“There will be a hallway here and a wall over there with a door,” said Chief Warrant Officer 3 Matthew Chrisman, U.S. Army Chemical, Biological, Radiological, and Nuclear School deputy chief of the Hazardous Materials Dismounted Reconnaissance Department and project lead on a new training facility being built here that’s being referred to as the Large-Scale Production Facility.

“It’ll be apparent that everyone will need to be in personal protective equipment beyond here,” he continued, pointing out another area of the space still needing construction. “Through the windows that will be installed over here, the Soldiers will see complex laboratory equipment — they’ll be able to tell something’s going on; something’s being produced.”

Chrisman said one of his goals since arriving at Fort Leonard Wood in July has been to get the LSPF ready because of the excellent training opportunities it affords in addition to what’s already available at the Chemical Defense Training Facility.

“The LSPF will complement the CDTF by allowing multiple teams to execute different scenarios simultaneously without the live agents used at the CDTF,” he said. “Teams will also be able to spend more time on target. Training units can enjoy the freedom of being in close proximity to the processes without PPE and conduct lessons to gain a better understanding.”

Chrisman said the LSPF — composed of three buildings — is intended to resemble what an industrialized nation might have on hand to produce chemical or biological warfare agents. The need for training facilities like this comes out of the Army’s recent strategic shift back to what’s been called “peer and near-peer, large-scale combat operations.”

“With the Army’s focus on large-scale operations, the intent is to have something more than clandestine … something that says ‘state sponsored,’” he said. “I want units, when they come here, to think ‘something’s being made here.’ That should be evident just from walking up on the building.”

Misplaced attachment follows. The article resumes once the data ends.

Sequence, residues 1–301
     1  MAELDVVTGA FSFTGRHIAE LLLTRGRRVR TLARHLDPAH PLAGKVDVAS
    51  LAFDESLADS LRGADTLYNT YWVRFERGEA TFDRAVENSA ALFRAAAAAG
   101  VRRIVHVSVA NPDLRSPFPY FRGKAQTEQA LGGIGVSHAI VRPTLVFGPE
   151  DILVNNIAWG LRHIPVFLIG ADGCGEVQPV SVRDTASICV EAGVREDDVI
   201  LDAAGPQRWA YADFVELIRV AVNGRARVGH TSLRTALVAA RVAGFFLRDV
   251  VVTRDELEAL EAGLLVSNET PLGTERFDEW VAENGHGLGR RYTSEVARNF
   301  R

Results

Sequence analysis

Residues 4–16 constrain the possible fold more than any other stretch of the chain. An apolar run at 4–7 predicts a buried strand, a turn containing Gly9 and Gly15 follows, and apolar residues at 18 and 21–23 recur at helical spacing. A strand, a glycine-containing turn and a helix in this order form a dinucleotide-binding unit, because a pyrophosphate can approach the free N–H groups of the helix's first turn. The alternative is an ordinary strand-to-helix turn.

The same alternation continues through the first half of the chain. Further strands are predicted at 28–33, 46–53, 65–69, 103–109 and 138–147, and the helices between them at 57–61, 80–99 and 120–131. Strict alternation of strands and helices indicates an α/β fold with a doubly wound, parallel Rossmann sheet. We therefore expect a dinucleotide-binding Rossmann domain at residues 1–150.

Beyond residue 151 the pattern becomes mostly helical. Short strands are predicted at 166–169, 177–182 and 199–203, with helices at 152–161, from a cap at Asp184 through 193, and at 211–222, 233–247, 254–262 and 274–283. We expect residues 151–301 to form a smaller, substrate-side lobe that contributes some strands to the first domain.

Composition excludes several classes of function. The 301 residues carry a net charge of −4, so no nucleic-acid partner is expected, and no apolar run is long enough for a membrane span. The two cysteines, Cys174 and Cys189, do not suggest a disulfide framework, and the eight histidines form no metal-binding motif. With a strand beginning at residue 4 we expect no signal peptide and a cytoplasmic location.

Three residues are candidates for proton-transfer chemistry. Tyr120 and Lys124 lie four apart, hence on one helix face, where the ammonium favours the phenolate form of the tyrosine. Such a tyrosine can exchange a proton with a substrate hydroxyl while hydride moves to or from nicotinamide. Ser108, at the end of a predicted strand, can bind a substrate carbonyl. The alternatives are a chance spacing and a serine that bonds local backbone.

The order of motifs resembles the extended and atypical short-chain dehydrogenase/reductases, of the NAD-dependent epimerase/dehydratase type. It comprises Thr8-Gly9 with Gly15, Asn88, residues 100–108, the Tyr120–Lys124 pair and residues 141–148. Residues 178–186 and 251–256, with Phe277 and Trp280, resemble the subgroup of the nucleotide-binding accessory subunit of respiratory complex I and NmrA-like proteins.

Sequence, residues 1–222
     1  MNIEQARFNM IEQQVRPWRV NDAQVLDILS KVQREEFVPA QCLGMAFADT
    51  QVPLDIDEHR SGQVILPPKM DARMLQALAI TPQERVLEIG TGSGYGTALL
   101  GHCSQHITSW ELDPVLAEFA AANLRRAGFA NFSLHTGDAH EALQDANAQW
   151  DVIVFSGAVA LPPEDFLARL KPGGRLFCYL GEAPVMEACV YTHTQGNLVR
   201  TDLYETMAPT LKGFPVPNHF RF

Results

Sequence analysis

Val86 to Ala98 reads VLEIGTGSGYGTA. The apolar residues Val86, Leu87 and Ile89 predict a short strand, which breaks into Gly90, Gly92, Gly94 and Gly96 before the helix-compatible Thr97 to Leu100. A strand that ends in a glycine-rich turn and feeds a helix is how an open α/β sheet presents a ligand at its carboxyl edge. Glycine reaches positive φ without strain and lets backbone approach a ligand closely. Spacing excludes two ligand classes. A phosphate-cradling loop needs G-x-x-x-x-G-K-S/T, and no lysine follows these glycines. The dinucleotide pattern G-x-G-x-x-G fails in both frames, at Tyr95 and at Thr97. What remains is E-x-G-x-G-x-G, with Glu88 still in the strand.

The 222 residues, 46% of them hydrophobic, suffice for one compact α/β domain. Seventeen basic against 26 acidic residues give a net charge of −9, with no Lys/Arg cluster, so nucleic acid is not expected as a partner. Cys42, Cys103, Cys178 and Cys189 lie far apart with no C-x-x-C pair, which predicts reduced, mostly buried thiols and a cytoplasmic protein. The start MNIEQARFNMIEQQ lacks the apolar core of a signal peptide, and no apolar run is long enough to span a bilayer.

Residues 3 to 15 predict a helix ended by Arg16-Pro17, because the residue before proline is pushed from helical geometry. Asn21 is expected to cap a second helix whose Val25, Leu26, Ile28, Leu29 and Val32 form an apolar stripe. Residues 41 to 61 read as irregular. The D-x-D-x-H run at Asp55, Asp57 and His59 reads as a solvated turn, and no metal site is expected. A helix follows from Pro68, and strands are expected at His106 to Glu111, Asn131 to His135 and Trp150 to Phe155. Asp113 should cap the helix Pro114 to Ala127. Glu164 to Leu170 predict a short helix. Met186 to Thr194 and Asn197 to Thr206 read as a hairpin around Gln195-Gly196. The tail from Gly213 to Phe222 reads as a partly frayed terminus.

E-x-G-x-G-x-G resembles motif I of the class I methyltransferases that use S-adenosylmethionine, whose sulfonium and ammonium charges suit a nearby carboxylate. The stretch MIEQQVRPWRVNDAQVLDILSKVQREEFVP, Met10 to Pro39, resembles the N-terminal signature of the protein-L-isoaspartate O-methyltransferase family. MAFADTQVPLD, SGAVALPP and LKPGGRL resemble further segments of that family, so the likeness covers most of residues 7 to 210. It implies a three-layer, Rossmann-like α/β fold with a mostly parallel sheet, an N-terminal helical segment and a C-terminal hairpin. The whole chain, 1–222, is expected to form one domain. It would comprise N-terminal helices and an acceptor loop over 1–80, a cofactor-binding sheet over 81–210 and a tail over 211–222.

Chrisman added that professional scientific equipment was brought in to make the site as realistic as possible without actually producing any chemicals.

“This site enables CBRN Soldiers to see what a (weapons of mass destruction) site looks like — true to size and complexity — while becoming familiar with the planning considerations associated with it,” he said. “Future CBRN leaders must become intellectually and experientially equipped to meet these challenges.”

Jessica Arteaga is a USACBRNS Biological Warfare Defense instructor who toured the LSPF site Oct. 28. She said getting students out of the traditional classroom setting can be incredibly useful.

“The educational value of having these facilities will allow students to retain the information much easier in comparison to (teaching from slides),” she said.

The LSPF is slated to be ready in late 2021, and according to Staff Sgt. Brian Reigle, a USACBRNS Technical Escort Course instructor and the action officer on the LSPF project, its completion will give CBRN schools the opportunity to allow students and customers to train in a “functioning, realistic and challenging setting.”

“I’d love to see this project evolve into an available site for full mission profile objectives,” he said. “That would involve multiple (military occupational specialties) all training at the same location — engineers and transportation could be responsible for route clearance and convoy operations; military police could cordon off the area and clear buildings prior to CBRN teams responding to the (chemical) production sites.”